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Miriam Margolyes’ Adventures in Radio - Radio 4 26th August 26th August 2016

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Miriam Margolyes’ Adventures in Radio: “on radio….you can be anyone….” Friday 26 August 2016, 13:54 Peter McHugh Producer Miriam enjoys a Radio 4 Extra cuppa Editor's note: Much-loved actress Miriam Margolyes looks back over her radio lives, choosing some of her favourite performances from the BBC Radio Archive in Miriam Margolyes’ Adventures in Radio. On a sunny Friday morning, Miriam Margolyes was waiting patiently for me in BBC Broadcasting House Reception. Smiling broadly she mentions briefly that she's just been having a natter with the film director, Ken Loach. Now this might seem a classic celebrity name dropping situation. But as I found with Miriam, quite wonderfully, what you see and hear is what you get. You see, Miriam had known Ken Loach for years, because he had lodged in her parents’ house when they were young. And surprisingly that is now quite a long time ago. Miriam turned 75 in May this year. I’ve always thought of Miriam Margolyes as an irresistible force of nature – scaring her nephew Edmund Blackadder as the puritanical Lady Whiteadder. Her recent sofa surfing riot of an appearance on BBC TV’s Graham Norton Show indicates she has no sign of stopping. She seems forever just to be ‘Miriam’, forever young, or as she rather self-deprecatingly tells Arthur Smith in Sentimental Journey, on Radio 4 in 1999, she's always been the same, she hasn’t changed, she’s always been able to play 'an old bag'. Her journey to discover her family’s roots in Belarus in Sentimental Journey, is her first programme choice in her Adventures in Radio. It never occurred to me to ask someone else to interview Miriam, it felt right to let Miriam run the whole show. There’s a risk of hubris in inviting a performer to talk about themselves – with legendary tales of artists that selected all their own songs on Desert Island Discs - but even though she’s won a BAFTA, Miriam’s on record as ranking her own stage acting career to be a disaster (Front Row, Radio 4, 2011), with many regrets. But when it comes to radio, as she tells us on Radio 4 Extra, it’s the place she 'loves', where she’s been 'the bravest' in her career choices, the place she 'feels most at home'. Miriam feels being asked to revisit her radio career is a 'wicked indulgence', but she’s always been quite partial to a little of that... For my part, I wanted to invite her to cast her sharp intelligence over her own performances, and examine what makes radio magical. For Miriam, on radio, “you can be anyone, age or size is no barrier”. And lo and behold in the BBC archive we found Miriam performing back in 1964, then only 23 (a struggling actress, selling encyclopaedias door to door after graduating from Cambridge University), playing an elderly women. She plays the ‘Old Gal’, in one of her very first BBC radio appearances in BBC Third Programme adaptation of FC Ball’s A Breath of Fresh Air. Looking over her 50 years on BBC radio and counting, Miriam recalls meeting and working with some of the 'great ladies of radio', including Marjorie Westbury, who played Steve, the effortlessly elegant partner to amateur detective Paul Temple on BBC Radio in the 50s and 60s. She remembers working with a host of comedy greats, from Ted Ray to Ken Dodd and Kenneth Williams. We get to hear her risk taking as she stars in Olwen Wymark’s The Child (Radio 4, 1979) which explores mental health issues. We also get to hear, for the first time since 1993, Miriam’s award winning reading of Sue Townsend’s sparkling satire about the House of Windsor finding itself rather down on its luck, in The Queen and I (BBC Radio 4, 1992). And her memorable battle of wits with Timothy West, in Anthony Horowtiz’s [Foyle’s War] tense two-hander, The Picnic, set in Soviet Russia in 1981. Before she came into Broadcasting House, I visited Miriam during her post-operative rehabilitation at her south London home, to talk about what she would like to feature. She was a delightful host. She asked me whilst I was there, out of the blue, even a little defensively, ‘Am I how you expected?’ “No” I said, happily, “you are far more interesting than even you let on, Miriam”. Peter McHugh is the producer of Miriam Margolyes’ Adventures in Radio. Miriam Margolyes’ Adventures in Radio on this Saturday at 0900 & 1900 on Radio 4 Extra and on BBC iPlayer for 30 days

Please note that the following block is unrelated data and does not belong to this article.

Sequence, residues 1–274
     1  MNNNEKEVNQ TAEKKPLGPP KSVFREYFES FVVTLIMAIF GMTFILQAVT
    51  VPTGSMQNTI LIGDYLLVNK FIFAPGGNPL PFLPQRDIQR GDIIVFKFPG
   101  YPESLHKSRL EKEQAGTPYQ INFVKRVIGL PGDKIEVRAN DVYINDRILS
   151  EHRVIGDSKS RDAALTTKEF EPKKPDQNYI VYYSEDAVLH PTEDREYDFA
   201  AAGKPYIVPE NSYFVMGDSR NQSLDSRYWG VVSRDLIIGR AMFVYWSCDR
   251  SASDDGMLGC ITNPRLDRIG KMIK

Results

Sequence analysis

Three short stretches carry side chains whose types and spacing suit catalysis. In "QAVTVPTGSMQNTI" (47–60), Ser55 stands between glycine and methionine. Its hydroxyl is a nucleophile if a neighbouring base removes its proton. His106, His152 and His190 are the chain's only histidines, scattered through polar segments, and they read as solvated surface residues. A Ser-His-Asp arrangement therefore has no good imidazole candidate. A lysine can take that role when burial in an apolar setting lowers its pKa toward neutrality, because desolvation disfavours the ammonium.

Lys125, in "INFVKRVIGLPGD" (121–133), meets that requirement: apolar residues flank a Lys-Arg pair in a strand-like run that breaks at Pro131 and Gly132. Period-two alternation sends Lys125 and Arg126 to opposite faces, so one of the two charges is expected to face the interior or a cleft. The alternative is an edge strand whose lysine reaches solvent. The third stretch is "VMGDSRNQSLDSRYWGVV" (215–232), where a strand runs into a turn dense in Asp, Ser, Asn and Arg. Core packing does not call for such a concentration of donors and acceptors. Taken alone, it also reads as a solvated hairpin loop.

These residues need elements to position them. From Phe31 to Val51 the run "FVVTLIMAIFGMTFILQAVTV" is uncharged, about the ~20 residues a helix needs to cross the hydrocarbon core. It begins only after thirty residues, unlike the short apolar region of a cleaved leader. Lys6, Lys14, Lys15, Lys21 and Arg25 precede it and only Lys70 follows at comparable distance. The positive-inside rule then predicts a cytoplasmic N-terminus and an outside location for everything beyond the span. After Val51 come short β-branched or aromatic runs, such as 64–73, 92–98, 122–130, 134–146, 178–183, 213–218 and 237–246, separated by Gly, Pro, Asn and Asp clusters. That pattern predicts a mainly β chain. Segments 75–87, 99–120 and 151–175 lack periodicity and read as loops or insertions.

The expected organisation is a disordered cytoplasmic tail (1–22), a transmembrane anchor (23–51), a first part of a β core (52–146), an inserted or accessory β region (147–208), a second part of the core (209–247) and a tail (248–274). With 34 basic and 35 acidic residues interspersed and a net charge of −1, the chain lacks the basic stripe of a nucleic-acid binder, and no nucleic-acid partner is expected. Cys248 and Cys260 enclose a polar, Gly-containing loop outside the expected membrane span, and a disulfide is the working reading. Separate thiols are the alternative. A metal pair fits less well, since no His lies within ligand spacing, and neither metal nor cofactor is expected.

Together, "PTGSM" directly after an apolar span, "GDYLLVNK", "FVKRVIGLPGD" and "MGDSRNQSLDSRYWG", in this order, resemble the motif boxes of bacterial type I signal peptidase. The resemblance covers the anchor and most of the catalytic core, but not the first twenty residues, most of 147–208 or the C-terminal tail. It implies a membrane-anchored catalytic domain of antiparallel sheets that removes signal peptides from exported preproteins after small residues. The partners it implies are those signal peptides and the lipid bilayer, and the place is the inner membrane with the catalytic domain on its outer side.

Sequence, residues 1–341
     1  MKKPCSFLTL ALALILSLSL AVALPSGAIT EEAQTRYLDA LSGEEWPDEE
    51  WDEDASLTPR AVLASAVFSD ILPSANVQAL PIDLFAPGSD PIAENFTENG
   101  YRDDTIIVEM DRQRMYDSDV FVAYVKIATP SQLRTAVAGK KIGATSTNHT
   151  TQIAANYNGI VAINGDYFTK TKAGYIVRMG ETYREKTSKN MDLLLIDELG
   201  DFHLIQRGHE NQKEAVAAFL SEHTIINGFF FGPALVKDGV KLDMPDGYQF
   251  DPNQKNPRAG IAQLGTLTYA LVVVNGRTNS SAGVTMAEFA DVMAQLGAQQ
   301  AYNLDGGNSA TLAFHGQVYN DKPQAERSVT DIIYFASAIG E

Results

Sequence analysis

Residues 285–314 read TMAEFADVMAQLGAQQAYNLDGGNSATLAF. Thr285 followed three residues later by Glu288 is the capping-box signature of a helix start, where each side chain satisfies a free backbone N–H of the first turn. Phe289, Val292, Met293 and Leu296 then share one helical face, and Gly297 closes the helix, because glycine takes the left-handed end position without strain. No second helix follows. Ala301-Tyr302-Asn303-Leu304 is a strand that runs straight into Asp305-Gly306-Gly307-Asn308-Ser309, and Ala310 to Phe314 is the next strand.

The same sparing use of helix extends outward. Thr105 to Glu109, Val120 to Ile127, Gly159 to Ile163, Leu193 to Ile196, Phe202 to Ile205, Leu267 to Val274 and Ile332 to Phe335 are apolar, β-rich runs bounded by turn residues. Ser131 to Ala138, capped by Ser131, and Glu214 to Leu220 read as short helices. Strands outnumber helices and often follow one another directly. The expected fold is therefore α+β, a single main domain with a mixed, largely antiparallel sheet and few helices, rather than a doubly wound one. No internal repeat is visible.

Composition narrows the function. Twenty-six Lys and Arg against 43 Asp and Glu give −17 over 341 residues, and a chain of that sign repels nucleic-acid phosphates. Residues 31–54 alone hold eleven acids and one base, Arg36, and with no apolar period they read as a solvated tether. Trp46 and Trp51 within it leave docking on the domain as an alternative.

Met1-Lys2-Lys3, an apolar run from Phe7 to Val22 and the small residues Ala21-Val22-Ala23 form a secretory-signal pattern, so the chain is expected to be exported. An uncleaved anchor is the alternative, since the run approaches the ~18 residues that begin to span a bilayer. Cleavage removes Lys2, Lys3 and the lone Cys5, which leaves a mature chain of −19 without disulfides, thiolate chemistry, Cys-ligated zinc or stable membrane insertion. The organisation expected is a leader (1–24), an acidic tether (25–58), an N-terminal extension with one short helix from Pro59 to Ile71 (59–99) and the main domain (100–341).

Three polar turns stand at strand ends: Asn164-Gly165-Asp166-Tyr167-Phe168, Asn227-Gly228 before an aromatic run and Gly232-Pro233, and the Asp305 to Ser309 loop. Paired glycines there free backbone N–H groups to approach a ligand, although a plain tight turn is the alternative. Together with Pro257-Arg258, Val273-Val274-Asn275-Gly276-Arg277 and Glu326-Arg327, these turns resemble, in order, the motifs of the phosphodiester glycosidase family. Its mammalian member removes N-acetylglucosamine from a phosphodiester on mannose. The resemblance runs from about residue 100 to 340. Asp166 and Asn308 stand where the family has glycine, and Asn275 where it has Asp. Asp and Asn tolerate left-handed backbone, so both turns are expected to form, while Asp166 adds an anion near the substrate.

Posted : 26th August 2016

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